Tuesday, October 12, 2010

Peace is Every Step

I have been experiencing a teensy bit of stress lately and asked a friend that seems to have it together to recommend a good source for chilling out. She recommended two books - Peace is Every Step, by Thich Nhat Hanh and Start Where You Are: A Guide to Compassionate Living by Pema Chodron.

Thich Nhat Hanh is a Vietnamese Buddhist monk and apparently very well respected in the Buddhist community, as far as I could tell from the approving comments of my few Buddhist friends. Peace is Every Step was very helpful in reducing my stress level. Nhat Hanh's all about breathing deeply and repeating meditative phrases to stay in the moment, like:
Breathing in, I know that I am breathing in. Breathing out, I know that I am breathing out.

and, if you're more stressed out or angry, you might say:
Breathing in, I know that anger is here.
Breathing out, I know that the anger is me.
Breathing in, I know that anger is unpleasant.
Breathing out, I know this feeling will pass.
Breathing in, I am calm.
Breathing out, I am strong enough to take care of this anger.

That became frequently helpful, alas to say, many times recently. Repeatedly.

There are some Buddhist practices that I really identify with, and others I wish I could identify with more (but it doesn't seem to be in my nature!) Nhat Hanh, for example, encourages readers to try to understand why "people that cause suffering" might be suffering themselves. I think that's all well and good to a certain point, but I think I'm not a big enough person to do that consistently. He compares anger to a compost pile out of which beautiful things might grow: "When anger is born in us, we can be aware that anger is an energy in us, and we can accept that energy in order to transform it into another kind of energy." OK, but how about cursing and crying and slamming doors and watching tv until all our troubles seem to disappear?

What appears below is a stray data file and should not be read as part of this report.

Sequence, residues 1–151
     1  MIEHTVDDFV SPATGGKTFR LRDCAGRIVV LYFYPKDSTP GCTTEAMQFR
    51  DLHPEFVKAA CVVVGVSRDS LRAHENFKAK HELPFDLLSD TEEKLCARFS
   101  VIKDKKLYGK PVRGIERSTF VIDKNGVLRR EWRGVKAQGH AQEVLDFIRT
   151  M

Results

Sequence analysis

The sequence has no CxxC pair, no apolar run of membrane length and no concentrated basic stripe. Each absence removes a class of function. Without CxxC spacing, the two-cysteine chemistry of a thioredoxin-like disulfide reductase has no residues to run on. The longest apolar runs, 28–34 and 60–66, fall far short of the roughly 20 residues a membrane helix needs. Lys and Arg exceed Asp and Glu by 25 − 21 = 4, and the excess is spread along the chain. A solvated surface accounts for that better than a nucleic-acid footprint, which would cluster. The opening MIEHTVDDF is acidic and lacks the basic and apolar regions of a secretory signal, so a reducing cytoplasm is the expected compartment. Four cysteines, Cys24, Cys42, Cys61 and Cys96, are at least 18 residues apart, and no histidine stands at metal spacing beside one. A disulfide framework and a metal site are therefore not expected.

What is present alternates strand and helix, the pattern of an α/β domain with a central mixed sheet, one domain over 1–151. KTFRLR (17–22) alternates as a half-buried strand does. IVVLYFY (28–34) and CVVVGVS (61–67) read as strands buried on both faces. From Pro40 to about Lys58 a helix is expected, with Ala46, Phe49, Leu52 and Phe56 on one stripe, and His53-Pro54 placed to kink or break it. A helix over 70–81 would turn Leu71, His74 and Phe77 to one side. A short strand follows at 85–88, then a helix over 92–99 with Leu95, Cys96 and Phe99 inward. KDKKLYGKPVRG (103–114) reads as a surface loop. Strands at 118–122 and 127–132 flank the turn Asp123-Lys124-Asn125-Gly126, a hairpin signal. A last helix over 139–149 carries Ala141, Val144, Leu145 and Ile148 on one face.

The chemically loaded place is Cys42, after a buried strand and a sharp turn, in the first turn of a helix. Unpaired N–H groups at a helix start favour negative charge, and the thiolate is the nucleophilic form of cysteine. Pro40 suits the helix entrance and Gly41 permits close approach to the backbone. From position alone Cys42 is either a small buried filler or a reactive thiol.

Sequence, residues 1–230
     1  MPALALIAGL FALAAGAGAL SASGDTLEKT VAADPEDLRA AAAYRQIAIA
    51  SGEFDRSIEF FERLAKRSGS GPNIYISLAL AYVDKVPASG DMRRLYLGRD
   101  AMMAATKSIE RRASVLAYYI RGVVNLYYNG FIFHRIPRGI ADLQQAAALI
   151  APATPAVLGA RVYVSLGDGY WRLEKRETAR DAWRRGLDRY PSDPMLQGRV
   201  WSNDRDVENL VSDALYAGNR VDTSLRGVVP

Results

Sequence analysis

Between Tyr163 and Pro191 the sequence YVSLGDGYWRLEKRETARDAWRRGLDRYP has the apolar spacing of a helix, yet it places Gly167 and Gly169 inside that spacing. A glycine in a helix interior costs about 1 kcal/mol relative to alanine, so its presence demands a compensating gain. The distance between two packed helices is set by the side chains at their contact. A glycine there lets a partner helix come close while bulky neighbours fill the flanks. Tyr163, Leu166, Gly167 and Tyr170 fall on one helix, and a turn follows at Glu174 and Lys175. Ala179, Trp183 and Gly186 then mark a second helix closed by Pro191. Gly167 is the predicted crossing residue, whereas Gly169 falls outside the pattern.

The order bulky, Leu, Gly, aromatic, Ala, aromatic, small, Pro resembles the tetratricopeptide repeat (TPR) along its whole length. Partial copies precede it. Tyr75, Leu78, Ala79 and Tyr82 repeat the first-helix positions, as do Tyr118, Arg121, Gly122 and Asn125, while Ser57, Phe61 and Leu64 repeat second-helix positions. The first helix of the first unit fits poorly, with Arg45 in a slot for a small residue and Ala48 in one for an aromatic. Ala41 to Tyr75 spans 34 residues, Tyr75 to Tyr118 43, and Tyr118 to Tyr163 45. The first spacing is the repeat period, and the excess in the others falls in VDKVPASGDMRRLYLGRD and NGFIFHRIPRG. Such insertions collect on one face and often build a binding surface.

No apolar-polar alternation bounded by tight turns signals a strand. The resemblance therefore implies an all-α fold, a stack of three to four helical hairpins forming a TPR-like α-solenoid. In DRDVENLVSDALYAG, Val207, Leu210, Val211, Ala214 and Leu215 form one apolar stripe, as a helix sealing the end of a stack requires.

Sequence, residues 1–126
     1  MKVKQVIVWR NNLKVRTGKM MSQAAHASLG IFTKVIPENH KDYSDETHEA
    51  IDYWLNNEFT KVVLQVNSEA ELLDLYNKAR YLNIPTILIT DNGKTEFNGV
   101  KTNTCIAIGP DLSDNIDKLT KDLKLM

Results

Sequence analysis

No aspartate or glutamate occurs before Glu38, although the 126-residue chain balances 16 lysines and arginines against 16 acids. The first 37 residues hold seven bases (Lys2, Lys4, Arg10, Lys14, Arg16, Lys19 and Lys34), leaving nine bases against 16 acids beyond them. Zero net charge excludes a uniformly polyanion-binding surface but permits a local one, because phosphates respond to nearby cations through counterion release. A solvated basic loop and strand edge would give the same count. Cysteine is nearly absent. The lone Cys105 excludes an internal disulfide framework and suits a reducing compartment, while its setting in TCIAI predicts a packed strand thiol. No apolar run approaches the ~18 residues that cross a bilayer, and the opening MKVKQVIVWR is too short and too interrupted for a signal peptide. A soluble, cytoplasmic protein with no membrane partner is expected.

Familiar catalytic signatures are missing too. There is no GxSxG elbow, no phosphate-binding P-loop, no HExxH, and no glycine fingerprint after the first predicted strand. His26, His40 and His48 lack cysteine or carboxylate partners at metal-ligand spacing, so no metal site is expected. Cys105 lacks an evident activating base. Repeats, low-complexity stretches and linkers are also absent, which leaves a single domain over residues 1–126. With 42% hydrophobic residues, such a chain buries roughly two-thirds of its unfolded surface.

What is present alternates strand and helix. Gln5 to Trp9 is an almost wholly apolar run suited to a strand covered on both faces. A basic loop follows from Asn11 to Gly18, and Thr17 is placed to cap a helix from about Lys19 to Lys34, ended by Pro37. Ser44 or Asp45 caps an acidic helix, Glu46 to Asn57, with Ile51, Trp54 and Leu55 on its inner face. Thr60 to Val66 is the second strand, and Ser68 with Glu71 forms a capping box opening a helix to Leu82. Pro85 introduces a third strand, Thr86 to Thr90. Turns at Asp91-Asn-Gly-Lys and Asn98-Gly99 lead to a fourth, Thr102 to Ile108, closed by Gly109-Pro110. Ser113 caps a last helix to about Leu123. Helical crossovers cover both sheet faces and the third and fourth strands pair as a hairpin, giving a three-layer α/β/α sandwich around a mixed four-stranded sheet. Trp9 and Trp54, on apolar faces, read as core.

I kid. Sort of. Actually, this book really inspired me (to be a better person!) and I think I should read it a few times more. Although, the jerk in me thinks it's very nice for a monk to propose these things because he's surrounded by a bunch of other monks who are super nice and always practicing mindfulness and whatnot, while the rest of us are mostly surrounded by complete A-holes. Amirite?

I most mention, however, when this book helped me deal with something that was really upsetting me - I had just gone to a funeral of a beloved family friend, and someone in that family had also just had a baby. Grieving and celebrating, welcoming life and saying goodbye all at once was causing me some overload. I couldn't process my emotions. Then, on the way home, I was reading this book and he ends with a poem called Call Me by My True Names, which goes, in part:
My joy is like spring, so warm it makes flowers bloom in all
walks of life.
My pain is like a river of tears, so full it fills the four oceans.

Please call me by my true names,
so I can hear all my cries and laughs at once,
so I can see that my joy and pain are one.

Please call me by my true names,
so I can wake up,
and so the door of my heart can be left open,
the door of compassion.

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